posted on Oct, 30 2008 @ 06:33 AM
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Also Genesis 1:26



And God said, Let us make man in our image, after our likeness: and let them have dominion over the fish of the sea, and over the fowl of the air, and over the cattle, and over all the earth, and over every creeping thing that creepeth upon the earth.



posted on Oct, 30 2008 @ 06:35 AM
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Originally posted by Deaf Alien
Actually no, it's not a mistranslation. The hebrew word for God is elohim, which is plural. In other verses where the same hebrew word is used, it is translated as gods. So in essence, one of the gods said, "Come, let us go down..."

[edit on 30-10-2008 by Deaf Alien]


The word Elohim is actually a uni-plural, it can refer to one or many, just like a last name. That is why it is sometimes translated as Gods, other times God, it depends on the context it is used in. Also the word used here is not Elohim, it is Yahweh. Anytime you see the word GOD or LORD in capitals it is translated from the word Yahweh.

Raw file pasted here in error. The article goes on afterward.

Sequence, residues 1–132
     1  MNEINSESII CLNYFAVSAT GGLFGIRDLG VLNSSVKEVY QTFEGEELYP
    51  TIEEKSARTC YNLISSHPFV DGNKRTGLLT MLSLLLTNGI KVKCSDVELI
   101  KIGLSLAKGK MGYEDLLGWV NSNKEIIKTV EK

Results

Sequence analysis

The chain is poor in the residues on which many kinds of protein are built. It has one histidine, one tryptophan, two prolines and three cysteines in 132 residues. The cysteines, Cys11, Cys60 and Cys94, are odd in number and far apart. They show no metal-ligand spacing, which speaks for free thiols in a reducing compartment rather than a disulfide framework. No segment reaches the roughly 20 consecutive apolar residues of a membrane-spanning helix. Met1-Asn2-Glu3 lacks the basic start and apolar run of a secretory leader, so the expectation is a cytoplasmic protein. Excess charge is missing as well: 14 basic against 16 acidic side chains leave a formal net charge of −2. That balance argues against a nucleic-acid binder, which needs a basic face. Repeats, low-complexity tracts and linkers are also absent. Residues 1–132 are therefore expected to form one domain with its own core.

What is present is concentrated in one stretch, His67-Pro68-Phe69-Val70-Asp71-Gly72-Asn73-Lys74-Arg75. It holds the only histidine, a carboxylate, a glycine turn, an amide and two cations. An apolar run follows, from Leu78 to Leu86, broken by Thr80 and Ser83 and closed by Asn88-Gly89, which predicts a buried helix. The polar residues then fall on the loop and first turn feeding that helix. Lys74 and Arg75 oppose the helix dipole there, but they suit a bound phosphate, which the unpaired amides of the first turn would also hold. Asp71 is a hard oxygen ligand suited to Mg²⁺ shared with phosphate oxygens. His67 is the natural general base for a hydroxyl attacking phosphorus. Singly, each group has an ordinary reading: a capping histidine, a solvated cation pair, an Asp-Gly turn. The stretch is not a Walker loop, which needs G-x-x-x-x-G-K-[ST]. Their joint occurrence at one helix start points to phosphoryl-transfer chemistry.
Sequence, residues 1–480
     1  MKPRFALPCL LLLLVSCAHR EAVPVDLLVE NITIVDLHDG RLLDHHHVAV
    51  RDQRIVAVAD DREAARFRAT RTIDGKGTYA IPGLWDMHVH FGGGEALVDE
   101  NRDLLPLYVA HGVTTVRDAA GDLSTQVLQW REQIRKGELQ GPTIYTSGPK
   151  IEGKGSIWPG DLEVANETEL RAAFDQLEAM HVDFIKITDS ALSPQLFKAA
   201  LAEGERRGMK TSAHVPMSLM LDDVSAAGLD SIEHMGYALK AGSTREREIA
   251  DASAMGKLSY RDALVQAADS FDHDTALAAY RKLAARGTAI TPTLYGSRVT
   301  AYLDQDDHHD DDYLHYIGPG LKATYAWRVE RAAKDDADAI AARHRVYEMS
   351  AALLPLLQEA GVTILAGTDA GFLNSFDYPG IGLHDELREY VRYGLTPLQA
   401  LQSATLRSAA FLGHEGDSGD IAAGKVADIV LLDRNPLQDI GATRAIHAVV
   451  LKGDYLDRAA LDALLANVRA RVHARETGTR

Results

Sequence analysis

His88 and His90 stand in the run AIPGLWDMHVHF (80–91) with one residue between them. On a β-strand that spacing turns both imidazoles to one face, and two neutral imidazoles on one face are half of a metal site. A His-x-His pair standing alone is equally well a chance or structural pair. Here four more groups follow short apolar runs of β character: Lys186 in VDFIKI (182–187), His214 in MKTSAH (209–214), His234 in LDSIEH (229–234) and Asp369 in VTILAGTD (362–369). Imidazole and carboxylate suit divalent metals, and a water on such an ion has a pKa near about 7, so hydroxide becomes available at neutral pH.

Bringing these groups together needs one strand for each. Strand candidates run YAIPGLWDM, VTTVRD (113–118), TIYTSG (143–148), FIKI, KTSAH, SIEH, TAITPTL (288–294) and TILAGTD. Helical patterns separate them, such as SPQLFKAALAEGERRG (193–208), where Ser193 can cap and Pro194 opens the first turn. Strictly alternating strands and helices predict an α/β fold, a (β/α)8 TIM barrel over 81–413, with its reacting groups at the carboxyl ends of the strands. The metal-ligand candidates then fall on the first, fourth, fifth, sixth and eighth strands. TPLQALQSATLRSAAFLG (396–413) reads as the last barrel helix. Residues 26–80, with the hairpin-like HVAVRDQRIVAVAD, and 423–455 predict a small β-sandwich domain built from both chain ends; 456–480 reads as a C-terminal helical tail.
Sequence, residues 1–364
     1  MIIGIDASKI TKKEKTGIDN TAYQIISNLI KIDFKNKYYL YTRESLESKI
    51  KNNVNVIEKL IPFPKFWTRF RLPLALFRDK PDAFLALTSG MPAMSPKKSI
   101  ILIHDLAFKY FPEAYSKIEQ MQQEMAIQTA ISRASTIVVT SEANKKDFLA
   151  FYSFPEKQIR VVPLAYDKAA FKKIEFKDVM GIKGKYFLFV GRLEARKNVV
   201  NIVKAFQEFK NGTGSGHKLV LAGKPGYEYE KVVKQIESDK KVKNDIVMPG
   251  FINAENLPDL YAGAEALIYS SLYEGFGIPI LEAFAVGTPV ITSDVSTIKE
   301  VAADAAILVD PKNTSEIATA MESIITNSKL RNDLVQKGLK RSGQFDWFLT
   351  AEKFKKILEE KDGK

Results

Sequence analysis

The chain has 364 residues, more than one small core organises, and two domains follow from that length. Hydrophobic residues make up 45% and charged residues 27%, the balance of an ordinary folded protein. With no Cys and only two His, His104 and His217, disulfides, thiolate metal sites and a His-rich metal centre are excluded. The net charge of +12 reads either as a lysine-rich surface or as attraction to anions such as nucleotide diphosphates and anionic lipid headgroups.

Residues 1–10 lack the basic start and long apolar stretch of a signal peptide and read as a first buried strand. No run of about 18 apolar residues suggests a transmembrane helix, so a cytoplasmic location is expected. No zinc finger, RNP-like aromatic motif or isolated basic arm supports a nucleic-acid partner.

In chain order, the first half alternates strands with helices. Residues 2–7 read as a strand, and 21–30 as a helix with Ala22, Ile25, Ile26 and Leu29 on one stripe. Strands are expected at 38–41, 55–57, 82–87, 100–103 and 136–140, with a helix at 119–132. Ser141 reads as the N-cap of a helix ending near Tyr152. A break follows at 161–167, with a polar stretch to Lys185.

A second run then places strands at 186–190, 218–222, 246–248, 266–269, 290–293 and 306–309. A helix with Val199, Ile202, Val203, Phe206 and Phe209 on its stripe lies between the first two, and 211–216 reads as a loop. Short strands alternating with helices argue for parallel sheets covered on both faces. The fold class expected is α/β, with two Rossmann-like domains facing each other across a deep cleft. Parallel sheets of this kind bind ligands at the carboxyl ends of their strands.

To answer the OP, my guess he is talking to the Angels, and to clarify, the book you are referring to is Genesis chapter 11, not Ezekiel.



posted on Oct, 30 2008 @ 06:35 AM
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Originally posted by Deaf Alien
Also Genesis 1:26



And God said, Let us make man in our image, after our likeness: and let them have dominion over the fish of the sea, and over the fowl of the air, and over the cattle, and over all the earth, and over every creeping thing that creepeth upon the earth.


Wow, guess its more prominent than i thought, thanks for pointing that out, i guess i just kind of ignored that since ive read it a few times.



posted on Oct, 30 2008 @ 06:37 AM
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Originally posted by doctorex

Originally posted by Deaf Alien